- The Washington Times - Wednesday, April 3, 2019

Michal Kempny was the Washington Capitals’ unsung hero on last year’s run to the Stanley Cup — though eventually receiving enough praise from hockey analysts and media to render the “unsung” part ironic.

Kempny arrived in a late February trade that garnered little notice. He went from an afterthought and a healthy scratch on the Chicago Blackhawks to a vital role among the Capitals’ top four defensemen as Washington dispatched opponent after opponent in April, May and June.

With the news Tuesday that Kempny would miss the playoffs after undergoing surgery to repair a torn hamstring he suffered in a fight March 20, the Capitals may already have their next Kempny waiting in the wings: Nick Jensen.

Washington acquired Jensen from the Detroit Red Wings a day after landing a much bigger trade for forward Carl Hagelin. While praise for Hagelin has in a sense overshadowed the Jensen trade so far, coach Todd Reirden and the organization have an expanded role in mind for the blueliner.

Jensen skated in Kempny’s place alongside John Carlson at practice Wednesday before Thursday’s home game against the Montreal Canadiens. Actually, it wasn’t quite Kempny’s place; Jensen and Carlson are both right-handed, so Carlson, the more experienced of the two, shifted over to the left to accommodate his new linemate.

Since Kempny’s injury, the Capitals had been playing Christian Djoos in his spot and keeping Jensen on the third pairing. Now, the new guy stands to see expanded minutes on the ice.

Reirden, a former NHL defenseman himself, pointed out the similarities and differences between Kempny and Jensen.

“(Jensen’s) ability to skate is noticeable, every night,” Reirden said. “That’s something that we have a little bit of a blueprint from Kempny last year on how to use a player like that.”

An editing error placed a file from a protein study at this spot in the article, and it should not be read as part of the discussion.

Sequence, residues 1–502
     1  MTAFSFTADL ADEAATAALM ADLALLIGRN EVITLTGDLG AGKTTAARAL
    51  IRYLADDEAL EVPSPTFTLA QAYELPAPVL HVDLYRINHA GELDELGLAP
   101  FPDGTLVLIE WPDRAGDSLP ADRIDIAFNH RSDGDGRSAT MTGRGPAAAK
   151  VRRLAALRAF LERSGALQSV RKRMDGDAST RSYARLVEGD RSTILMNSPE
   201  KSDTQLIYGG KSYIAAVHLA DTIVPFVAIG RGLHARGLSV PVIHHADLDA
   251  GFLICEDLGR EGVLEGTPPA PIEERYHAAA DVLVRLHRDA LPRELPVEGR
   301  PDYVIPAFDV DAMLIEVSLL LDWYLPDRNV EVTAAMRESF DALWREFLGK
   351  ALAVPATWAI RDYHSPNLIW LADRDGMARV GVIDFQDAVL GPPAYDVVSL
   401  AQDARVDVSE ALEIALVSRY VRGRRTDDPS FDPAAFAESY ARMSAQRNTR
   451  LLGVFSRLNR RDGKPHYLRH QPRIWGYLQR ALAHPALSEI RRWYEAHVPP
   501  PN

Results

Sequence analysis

On the other hand, incorporating Jensen, who was one of Detroit’s better defensemen, wasn’t the same as easing Kempny into the rotation and building up his ice time, the coach said.

“(Jensen was) coming off a situation where he’s playing a lot for another team and has a really high confidence level, whereas Kempny came to us after 17 scratches by a non-playoff team,” Reirden said. “You’ve got a different type of personality there, and then how you’re building this player within behind closed doors. So he has to actually play less for us than he did in Detroit. That’s something that gets factored in there as well.”

Jensen was the last player off the practice ice Wednesday, unavailable to the media but hard at work as he further acclimates to Washington’s system. His new teammates have praised him in recent weeks, particularly in his role on the penalty kill.

“I think he’s fit right in,” Matt Niskanen said in March. “He seems like a smart player, because he’s picked up on everything super fast on how we want to play and he’s done a good job.”

The Capitals have another chance to clinch the Metropolitan Division Thursday, either if they beat Montreal or if the New York Islanders lose in regulation to the Florida Panthers. Should neither of those come to pass, the Islanders will move within one or two standings points of Washington, and their season finale against one another Saturday at Capital One Arena will decide the Metro champ.

T.J. Oshie said the team didn’t feel that avoiding the single-game clinching scenario was of high priority.

“Right now we’re going into games getting our game to where it needs to be,” Oshie said. “If we play the way we can and the way we want to moving forward and we lose and we come to battle in the end, whatever, it’s fine. But our focus right now is how we’re playing. And to get these things ingrained in our game, it’s hard to just flip the switch come playoff time, so we’ve got a couple games to tune up.”

• Adam Zielonka can be reached at azielonka@washingtontimes.com.

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